Sunday, April 25, 2010

Welcome to Portugal Part II

This is the second installment in an as yet undecided-part series about my exploits and energy observations in Portugal.

Part II: Where's the dryer?

The Portuguese are exceedingly practical when it comes to using the sun to dry their clothes. It came as a surprise to me since growing up in the U.S., most (if not all) families had both a washer and a dryer, and if not there were laundromats. (Sidebar: I would question the logic of adopting clothesline drying in my hometown near Washington, DC since most warm months are accompanied by such high humidity that it would make line drying take about as long as drying your laundry in a bathtub full of hot water.) Line drying works amazingly fast when it is sunny and dry, though. And it is so satisfying to take dry warm clothes off the line that you know took absolutely no electricity to dry. (Maybe I derive satisfaction in different ways than most people, though. It's a possibility.)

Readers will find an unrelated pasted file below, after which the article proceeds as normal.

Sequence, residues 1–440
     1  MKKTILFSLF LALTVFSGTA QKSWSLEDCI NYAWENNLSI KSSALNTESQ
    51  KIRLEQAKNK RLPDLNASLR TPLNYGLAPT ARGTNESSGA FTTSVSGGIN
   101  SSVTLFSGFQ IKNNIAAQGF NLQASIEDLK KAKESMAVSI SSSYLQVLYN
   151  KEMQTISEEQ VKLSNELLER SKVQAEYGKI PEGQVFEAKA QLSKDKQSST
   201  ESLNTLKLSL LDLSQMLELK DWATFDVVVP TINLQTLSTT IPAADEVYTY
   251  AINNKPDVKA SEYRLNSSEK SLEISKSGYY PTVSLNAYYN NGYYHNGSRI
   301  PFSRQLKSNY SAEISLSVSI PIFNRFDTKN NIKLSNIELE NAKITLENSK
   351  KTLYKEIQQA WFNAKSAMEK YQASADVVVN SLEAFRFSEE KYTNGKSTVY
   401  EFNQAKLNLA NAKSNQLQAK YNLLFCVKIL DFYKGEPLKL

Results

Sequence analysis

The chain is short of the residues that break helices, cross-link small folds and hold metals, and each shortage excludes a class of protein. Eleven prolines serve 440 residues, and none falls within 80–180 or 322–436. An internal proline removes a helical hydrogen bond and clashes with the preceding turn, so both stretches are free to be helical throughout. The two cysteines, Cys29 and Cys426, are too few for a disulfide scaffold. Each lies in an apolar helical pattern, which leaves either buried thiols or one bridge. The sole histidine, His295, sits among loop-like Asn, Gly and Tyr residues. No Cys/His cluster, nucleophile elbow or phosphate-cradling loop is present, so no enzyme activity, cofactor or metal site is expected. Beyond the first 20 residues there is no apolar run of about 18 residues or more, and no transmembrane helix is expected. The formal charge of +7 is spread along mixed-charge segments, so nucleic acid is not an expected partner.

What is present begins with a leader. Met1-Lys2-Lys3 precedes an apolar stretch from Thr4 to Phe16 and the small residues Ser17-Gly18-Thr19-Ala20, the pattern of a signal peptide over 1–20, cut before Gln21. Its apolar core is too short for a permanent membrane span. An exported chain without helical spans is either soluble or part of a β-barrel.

However, there is one flaw in the plan. Much like winter seems to take Portugal by surprise each year (by my experience of n=1 years), two to three-week bouts of rain make line drying laundry difficult if not impossible during January, February, and March. My roommates and I would race to the washer at the first sign of a sunny day, keeping an eye on the weather report as we put our clothes out to dry, and more than once racing to pull them down as it became clear our luck with the sun had run out. During one particularly long rainy spell, where I had used up virtually all of my clean clothes, I decided to use a laundromat. But upon asking a few Portuguese how to do this, getting some blank looks and "what is a laundromat?" questions, my only other timely option was to go to a dry cleaners. This expedition cost me about 20 euros for the equivalent of 2 loads of laundry - washed, dried, and folded. Lesson learned. My advice: when you come to Portugal for the winter, make sure you bring plenty of clean underwear. Or, you might want to open a would have my business.

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